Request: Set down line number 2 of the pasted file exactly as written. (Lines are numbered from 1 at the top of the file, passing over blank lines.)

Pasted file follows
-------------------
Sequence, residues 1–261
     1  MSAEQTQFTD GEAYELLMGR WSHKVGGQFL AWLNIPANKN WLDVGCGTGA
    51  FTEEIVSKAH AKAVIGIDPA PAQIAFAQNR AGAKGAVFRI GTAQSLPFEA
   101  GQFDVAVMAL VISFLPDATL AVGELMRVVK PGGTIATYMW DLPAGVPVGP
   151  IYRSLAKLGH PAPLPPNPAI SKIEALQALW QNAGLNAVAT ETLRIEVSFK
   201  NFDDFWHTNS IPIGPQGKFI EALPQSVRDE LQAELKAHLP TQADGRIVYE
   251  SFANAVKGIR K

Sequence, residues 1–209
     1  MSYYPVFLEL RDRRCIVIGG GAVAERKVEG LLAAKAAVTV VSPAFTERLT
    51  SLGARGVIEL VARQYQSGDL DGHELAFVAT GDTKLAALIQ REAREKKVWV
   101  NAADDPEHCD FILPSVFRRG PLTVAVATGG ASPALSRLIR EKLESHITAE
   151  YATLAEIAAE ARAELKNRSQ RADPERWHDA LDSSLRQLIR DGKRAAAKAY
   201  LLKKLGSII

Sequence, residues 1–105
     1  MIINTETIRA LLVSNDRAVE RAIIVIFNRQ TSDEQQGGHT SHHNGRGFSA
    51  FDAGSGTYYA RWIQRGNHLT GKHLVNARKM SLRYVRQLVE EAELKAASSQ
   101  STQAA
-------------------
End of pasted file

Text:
     1  MSAEQTQFTD GEAYELLMGR WSHKVGGQFL AWLNIPANKN WLDVGCGTGA